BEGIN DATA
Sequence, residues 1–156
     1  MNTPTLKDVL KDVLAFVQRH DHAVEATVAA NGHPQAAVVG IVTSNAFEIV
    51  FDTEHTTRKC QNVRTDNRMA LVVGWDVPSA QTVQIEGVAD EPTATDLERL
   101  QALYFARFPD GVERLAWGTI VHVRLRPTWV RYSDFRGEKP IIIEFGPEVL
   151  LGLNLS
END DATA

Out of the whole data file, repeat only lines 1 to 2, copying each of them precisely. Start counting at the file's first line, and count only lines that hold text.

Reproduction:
Sequence, residues 1–156
     1  MNTPTLKDVL KDVLAFVQRH DHAVEATVAA NGHPQAAVVG IVTSNAFEIV